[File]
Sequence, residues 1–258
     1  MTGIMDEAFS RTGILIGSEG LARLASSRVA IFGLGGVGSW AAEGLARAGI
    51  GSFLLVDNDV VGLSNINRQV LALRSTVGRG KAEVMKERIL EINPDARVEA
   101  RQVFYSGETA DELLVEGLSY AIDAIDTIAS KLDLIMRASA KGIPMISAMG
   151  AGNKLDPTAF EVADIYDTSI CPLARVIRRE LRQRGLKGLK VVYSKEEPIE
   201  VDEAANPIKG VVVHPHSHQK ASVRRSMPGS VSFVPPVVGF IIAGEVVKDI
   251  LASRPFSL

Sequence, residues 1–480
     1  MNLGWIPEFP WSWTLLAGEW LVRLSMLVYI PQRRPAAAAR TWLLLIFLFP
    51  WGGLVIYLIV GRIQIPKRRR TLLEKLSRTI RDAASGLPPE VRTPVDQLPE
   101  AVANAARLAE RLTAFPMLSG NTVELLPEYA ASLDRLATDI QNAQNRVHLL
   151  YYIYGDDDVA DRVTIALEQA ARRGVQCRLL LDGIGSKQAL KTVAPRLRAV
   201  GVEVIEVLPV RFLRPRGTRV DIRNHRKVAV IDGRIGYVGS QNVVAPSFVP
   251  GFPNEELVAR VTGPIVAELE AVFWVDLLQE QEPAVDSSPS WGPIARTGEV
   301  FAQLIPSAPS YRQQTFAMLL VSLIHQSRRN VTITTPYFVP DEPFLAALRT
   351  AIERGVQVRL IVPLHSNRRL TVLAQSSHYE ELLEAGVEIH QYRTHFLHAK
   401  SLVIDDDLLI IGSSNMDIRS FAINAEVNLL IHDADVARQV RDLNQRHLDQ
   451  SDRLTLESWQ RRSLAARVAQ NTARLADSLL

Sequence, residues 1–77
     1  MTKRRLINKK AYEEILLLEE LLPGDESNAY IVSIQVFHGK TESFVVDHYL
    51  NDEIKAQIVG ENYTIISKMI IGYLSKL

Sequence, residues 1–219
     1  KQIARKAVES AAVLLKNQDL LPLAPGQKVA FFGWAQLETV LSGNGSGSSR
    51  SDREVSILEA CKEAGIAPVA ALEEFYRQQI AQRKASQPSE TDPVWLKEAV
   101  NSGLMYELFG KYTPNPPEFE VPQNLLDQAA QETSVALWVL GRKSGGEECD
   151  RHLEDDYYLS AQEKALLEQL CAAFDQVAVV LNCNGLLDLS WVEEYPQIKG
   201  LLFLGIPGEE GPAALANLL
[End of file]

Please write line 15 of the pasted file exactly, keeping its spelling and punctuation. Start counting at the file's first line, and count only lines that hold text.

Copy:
   301  FAQLIPSAPS YRQQTFAMLL VSLIHQSRRN VTITTPYFVP DEPFLAALRT